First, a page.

fprintf(stderr, "too many indexesn");

More about tracker-miners

I want to be clear that this bug is not a vulnerability in tracker-miners. But I have focused on tracker-miners because it magnifies the impact of this bug due to the way that it automatically scans the files in your ~/Downloads directory.

tracker-miners consists of two processes:

  1. tracker-miner-fs
  2. tracker-extract

The first, tracker-miner-fs, is a background process which is always running, whereas the second, tracker-extract, is only started on demand to scan new files. tracker-miner-fs uses inotify to monitor specific directories, such as ~/Downloads, ~/Music, and ~/Videos. When a new file is created, it launches tracker-extract to scan the file. tracker-extract sends the results back to tracker-miner-fs (which maintains the index) and then usually shuts down again after a few seconds. The vulnerability only affects tracker-extract, because that’s where libcue is used. Both processes run as the current user, so this vulnerability would need to be chained with a separate privilege escalation vulnerability for an attacker to gain admin privileges.

The vulnerability will not trigger if tracker-miners is not running. To check if it is, I use the command ps aux | grep track. It usually shows that tracker-miner-fs is running and that tracker-extract isn’t. If neither is running (which I think is rare), then using the search bar (press the “super” key and type something) should automatically restart tracker-miner-fs. As far as I know, tracker-miners is quite tightly integrated into GNOME, so there’s no easy way to switch it off. There’s certainly nothing like a simple checkbox in the settings dialog. There’s some discussion here about how to switch it off by modifying your systemd configuration.

The two-process architecture of tracker-miners is helpful for exploitation. Firstly, it’s much easier to predict the memory layout in a freshly started process than in one that’s already been running for hours, so the fact that tracker-extract is only started on-demand is very convenient. Even better, tracker-extract always creates a fresh thread to scan the downloaded file, and I’ve found that the heap layout in the thread’s malloc arena is very consistent: it varies between distributions, so, for example, Ubuntu 23.04 has a slightly different layout than Fedora 38, but on the same distribution the layout is identical every single time. Secondly, because tracker-extract is restarted on demand, an attacker could potentially crash it many times until their exploit succeeds. Due to the consistency of the heap layout, I’ve found that my exploit works very reliably without needing to use this, but I could imagine an attacker loading a zip file with thousands of copies of their exploit to increase their chance of success when the victim unzips the download.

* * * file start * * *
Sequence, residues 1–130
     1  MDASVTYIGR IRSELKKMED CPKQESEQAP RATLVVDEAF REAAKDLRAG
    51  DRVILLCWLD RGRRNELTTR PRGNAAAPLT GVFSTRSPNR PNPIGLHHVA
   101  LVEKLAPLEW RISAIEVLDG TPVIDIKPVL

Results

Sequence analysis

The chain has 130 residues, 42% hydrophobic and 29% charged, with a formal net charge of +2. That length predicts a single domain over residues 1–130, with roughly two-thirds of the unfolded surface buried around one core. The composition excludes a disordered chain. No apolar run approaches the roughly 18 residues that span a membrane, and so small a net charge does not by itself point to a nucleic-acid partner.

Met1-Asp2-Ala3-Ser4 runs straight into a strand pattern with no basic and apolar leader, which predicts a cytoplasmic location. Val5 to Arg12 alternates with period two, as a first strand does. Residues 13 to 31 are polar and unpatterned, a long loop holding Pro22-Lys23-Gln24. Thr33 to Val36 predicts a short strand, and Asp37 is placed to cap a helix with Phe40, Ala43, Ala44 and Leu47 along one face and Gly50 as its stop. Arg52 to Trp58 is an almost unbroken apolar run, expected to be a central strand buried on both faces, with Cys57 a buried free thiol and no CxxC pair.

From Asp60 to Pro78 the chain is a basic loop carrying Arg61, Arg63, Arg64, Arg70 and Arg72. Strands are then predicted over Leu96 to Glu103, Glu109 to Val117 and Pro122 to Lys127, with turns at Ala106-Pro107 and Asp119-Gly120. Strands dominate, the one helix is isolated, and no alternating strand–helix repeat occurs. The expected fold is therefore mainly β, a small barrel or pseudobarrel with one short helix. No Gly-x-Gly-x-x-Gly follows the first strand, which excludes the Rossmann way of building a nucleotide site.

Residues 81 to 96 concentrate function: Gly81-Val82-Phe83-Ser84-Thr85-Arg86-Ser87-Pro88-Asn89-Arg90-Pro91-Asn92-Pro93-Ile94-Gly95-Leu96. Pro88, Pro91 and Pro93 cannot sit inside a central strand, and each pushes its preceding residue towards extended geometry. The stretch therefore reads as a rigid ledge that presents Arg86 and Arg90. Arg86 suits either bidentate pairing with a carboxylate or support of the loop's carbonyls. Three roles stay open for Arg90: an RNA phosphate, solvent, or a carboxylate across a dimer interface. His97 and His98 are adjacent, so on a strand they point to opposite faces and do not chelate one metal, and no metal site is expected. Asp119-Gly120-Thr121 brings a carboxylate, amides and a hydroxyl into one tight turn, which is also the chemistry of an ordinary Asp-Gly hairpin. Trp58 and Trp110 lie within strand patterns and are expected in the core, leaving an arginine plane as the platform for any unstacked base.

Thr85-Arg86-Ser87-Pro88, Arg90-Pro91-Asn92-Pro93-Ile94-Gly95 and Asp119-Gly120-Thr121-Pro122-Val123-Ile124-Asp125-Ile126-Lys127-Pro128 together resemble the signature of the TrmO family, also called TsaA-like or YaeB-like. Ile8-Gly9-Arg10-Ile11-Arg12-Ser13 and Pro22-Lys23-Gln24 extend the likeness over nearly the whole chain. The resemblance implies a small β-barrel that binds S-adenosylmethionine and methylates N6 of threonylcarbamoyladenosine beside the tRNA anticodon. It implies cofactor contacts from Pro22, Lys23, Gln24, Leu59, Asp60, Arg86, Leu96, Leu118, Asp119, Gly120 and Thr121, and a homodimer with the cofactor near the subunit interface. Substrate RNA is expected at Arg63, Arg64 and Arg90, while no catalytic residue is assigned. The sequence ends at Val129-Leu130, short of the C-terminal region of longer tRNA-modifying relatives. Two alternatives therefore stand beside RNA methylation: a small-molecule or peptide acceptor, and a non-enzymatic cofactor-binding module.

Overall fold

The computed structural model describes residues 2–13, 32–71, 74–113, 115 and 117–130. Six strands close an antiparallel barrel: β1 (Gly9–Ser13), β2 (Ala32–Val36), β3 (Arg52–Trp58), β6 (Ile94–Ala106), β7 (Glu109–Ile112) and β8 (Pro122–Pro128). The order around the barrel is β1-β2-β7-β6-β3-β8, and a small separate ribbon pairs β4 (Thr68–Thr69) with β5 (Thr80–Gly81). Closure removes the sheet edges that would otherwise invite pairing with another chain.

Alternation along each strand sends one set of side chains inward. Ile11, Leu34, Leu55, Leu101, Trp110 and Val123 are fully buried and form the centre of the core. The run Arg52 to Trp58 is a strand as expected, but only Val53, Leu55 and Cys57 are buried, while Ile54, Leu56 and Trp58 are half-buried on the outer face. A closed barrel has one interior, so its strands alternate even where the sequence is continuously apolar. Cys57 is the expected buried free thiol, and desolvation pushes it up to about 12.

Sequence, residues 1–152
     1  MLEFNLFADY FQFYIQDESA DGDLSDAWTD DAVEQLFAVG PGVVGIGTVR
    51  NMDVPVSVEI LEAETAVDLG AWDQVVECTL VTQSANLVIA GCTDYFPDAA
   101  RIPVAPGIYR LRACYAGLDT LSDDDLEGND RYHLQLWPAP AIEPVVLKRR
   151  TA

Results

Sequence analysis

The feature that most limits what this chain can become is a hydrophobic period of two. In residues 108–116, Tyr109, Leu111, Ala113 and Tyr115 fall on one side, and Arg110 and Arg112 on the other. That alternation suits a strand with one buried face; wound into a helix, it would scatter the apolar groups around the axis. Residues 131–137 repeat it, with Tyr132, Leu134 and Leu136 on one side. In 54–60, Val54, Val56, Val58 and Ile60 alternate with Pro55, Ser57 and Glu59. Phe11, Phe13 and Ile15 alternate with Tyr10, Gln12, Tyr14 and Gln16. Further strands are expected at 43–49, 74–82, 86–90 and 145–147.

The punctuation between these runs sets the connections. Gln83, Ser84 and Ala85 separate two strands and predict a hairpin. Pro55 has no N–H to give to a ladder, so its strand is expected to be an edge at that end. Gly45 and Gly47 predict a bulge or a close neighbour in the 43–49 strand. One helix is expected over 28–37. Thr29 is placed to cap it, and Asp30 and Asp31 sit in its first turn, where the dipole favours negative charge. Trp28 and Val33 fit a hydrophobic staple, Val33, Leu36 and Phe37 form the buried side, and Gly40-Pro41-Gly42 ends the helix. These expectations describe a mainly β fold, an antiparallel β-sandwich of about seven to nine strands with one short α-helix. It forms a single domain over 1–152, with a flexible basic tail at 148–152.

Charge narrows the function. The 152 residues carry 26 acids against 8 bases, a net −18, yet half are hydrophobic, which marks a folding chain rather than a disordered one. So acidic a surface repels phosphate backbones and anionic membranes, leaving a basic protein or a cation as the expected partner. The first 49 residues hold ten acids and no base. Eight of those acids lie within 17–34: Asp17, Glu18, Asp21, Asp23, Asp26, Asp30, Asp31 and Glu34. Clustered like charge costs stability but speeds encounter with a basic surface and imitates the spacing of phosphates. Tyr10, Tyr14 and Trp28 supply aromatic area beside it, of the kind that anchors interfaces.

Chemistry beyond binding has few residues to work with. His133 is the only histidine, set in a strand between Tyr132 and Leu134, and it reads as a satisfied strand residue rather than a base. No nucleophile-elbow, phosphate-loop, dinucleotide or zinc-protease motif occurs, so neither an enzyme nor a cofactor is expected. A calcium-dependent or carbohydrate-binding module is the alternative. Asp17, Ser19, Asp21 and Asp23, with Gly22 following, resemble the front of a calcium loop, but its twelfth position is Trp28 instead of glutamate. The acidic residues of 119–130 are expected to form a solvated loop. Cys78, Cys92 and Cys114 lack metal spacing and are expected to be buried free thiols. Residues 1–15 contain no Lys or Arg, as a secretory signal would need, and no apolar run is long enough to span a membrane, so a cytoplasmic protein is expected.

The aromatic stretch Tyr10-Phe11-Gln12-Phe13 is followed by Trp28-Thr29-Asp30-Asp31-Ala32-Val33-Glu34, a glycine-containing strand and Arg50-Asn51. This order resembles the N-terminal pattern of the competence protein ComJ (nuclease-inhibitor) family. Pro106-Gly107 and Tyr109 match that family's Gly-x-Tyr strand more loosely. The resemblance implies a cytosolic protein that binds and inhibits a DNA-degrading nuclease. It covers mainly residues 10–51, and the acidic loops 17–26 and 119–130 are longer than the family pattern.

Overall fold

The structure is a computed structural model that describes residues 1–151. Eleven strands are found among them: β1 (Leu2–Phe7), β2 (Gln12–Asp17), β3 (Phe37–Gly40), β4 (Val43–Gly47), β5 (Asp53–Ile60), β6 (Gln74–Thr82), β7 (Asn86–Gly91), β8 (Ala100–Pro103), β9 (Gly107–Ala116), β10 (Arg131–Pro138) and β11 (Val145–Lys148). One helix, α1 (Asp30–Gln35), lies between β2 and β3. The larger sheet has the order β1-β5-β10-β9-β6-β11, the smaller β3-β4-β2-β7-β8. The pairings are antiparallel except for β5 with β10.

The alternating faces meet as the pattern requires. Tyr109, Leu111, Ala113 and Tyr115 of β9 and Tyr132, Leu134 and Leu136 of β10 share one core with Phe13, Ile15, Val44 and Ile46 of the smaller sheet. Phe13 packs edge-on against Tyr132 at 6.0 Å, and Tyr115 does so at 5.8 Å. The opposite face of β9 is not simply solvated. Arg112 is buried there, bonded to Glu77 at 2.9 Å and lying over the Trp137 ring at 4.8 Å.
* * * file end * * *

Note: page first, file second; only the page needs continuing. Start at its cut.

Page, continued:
tracker-miners seccomp sandbox escape

The difficult part of exploiting this vulnerability was finding a way to bypass ASLR. But what I didn’t realize when I started writing the PoC, is that tracker-extract also has a seccomp sandbox which is intended to prevent this kind of exploit from working. It was a nasty surprise when I thought I had all the pieces in place for a working PoC and it failed with the error message: Disallowed syscall "close_range" caught in sandbox. But I still failed to understand that I was attempting a sandbox escape here. I just thought I needed to take a different code path that didn’t use the close_range function. So I tried a different route, it worked, and I didn’t give it any more thought until the GNOME developers asked how I’d managed to escape the sandbox. It turned out that I’d discovered the escape entirely by accident: while I was working on the new route, I unwittingly made a change to the PoC that solved it. I have since discovered that I could have got the original PoC working with a one-line change. I’ll go into more detail on this in a follow-up blog post when I publish the PoC, but for now I’ll just mention that, in response to this, Carlos Garnacho has very quickly implemented some changes to strengthen the sandbox, which will prevent this exploitation path from working in the future.


Sometimes a vulnerability in a seemingly innocuous library can have a large impact. Due to the way that it’s used by tracker-miners, this vulnerability in libcue became a 1-click RCE. If you use GNOME, please update today!

I’m delaying the release of the full PoC to give users time to install the update, but planning to publish a follow-up blog post soon with details of how the full PoC works. Save an unpatched VM with Ubuntu 23.04 or Fedora 38 if you’d like to test the full PoC when I release it.